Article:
After three years of depressed timber markets, prices are increasing because of strong demand for forest products and low inventories of logs following the year’s wettest months.
David Jones, assistant forest products professor with the Mississippi State University Extension Service, said the first half of 2010 showed a marked increase in demand for a number of forest products and price increases in most timber product categories.
"Many of the lumber and paper mills did not have enough logs to meet projected timber needs, let alone to respond to any increase in demand from improvements in the U.S. economy and the residential construction industry," Jones said.
April and May provided drier conditions, allowing for increased timber harvesting. Jones said timber prices will decline as summer conditions improve timber availability.
"Mills usually keep a small surplus of products to allow for fluctuations in the market," he said. "Because these inventories have been low to nonexistent, many of the hardwood mills have orders that they are unable to fill. This will lead to an increase in production for the near future and possibly into the third quarter of 2010."
Jones said the recent price gains may continue as reduced logging capacity is still a major problem for hardwood sawmill owners and operators.
"Logging firms that have survived the recent market downturns are focusing on pine sawtimber and pulpwood harvests, as delivered prices for these product categories are comparatively high," he said.
Jones said an added twist to the problems faced by mill owners and operators is the lack of trucks to deliver finished material to buyers. The general downturn in the economy has reduced the number of truck drivers, and tight credit is reducing the number of new drivers entering the profession.
"A lack in hauling force has caused some mills to quote the prices at the mill only, not the standard delivered price," Jones said.
James Henderson, assistant Extension forestry professor, said standing prices for hardwood sawtimber in the first quarter of 2010 increased 12 percent over the fourth quarter of 2009. Standing pulpwood prices increased 21 percent for pine and 59 percent for hardwood pulpwood over the fourth quarter of 2009.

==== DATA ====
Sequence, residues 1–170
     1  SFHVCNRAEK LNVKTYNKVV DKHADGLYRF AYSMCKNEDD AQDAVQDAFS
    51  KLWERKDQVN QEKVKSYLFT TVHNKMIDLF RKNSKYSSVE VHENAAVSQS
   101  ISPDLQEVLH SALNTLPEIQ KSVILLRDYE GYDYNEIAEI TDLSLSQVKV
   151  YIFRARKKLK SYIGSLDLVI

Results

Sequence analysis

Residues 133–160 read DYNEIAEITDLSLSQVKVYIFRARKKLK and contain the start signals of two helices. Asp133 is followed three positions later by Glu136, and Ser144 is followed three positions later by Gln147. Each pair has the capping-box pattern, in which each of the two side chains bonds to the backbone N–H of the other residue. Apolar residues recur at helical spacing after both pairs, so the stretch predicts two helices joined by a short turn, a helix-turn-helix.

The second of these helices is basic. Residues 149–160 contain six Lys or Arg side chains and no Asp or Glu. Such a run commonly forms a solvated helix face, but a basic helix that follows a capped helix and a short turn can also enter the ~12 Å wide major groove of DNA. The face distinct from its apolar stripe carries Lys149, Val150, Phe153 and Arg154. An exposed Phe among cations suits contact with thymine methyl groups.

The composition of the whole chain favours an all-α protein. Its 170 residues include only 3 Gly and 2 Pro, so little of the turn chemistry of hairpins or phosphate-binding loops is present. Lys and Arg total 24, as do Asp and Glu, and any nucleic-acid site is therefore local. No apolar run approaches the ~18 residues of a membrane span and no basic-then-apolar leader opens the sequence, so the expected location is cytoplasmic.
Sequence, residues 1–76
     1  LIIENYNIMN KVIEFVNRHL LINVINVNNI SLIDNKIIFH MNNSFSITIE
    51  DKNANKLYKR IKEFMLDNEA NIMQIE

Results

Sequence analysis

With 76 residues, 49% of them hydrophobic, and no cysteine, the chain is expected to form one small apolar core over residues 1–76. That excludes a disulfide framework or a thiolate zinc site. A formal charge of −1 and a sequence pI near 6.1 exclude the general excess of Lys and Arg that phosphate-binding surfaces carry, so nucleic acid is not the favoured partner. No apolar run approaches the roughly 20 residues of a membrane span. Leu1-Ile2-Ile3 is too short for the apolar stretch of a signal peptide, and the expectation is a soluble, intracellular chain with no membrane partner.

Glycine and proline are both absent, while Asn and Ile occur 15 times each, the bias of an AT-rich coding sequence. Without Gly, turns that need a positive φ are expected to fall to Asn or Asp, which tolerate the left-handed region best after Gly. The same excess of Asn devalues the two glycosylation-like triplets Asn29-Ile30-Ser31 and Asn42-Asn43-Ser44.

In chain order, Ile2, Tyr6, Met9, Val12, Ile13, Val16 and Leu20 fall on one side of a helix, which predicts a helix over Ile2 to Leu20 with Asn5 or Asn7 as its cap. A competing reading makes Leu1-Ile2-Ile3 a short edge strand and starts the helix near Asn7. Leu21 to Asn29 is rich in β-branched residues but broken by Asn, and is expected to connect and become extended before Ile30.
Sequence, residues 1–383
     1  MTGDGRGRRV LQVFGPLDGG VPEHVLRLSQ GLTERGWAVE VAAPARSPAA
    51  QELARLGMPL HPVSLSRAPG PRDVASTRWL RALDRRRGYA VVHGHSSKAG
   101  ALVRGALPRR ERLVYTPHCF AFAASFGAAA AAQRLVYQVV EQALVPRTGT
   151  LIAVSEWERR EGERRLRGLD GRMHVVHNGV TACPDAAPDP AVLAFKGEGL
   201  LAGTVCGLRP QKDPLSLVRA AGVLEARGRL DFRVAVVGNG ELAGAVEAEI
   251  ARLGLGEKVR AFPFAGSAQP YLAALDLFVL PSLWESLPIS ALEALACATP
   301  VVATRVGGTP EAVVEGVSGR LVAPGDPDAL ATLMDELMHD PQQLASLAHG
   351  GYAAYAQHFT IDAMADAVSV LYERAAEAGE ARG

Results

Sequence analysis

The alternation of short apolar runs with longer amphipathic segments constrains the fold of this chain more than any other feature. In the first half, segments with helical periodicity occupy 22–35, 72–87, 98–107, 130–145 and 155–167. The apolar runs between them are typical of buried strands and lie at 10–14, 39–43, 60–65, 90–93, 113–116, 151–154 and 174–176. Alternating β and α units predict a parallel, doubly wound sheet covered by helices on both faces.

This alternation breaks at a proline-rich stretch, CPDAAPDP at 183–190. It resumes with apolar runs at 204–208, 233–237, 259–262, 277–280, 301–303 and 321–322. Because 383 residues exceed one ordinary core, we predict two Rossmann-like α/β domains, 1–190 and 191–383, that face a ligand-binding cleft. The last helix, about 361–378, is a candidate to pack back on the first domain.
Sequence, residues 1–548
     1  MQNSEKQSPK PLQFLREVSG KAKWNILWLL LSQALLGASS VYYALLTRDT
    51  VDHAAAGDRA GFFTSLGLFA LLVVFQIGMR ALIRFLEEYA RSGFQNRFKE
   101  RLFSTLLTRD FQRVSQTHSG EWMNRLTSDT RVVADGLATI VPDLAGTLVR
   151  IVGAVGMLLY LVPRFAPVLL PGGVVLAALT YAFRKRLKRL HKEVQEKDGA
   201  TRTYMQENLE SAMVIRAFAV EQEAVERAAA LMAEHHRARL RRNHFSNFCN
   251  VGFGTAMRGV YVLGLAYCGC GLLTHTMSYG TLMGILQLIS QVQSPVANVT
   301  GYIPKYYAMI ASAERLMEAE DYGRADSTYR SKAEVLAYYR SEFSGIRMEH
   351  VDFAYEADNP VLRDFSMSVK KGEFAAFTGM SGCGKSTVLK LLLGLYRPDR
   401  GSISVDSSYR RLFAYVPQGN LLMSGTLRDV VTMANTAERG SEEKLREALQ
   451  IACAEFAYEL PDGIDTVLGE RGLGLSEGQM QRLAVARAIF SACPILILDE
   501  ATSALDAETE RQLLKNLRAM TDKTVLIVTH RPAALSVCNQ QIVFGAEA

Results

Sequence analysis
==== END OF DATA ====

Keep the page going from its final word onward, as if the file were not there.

"Pine sawtimber and chip-n-saw prices have not demonstrated much sustained improvement as demand for these timber products has not rebounded much from the housing bubble collapse and recent economic recession," Henderson said. "However, recent improvements in the U.S. housing market may indicate an increase in pine sawtimber prices to come. Softwood lumber indices have indicated increasing lumber prices since the beginning of 2010."
Henderson said long-term improvement in Mississippi’s timber markets depends on growth in the national economy and the U.S. housing market.
"The U.S. economy has demonstrated sustained improvement over the last three quarters, starting with the third quarter of 2009," he said. "Historically, growth in the national economy results in increased demand for pulp and paper products. A growing economy also benefits the U.S. housing market and ultimately the Mississippi timber market."
Henderson said he expects the housing market to make a slow recovery from the collapse of 2006, and he noted that home construction numbers for March were up 20 percent from a year ago.
"If the economy and housing continues on the current track of recovery, the forest and forest products industry will follow," Henderson said. "It appears that we are now finally seeing a resurgence from the recession of recent years."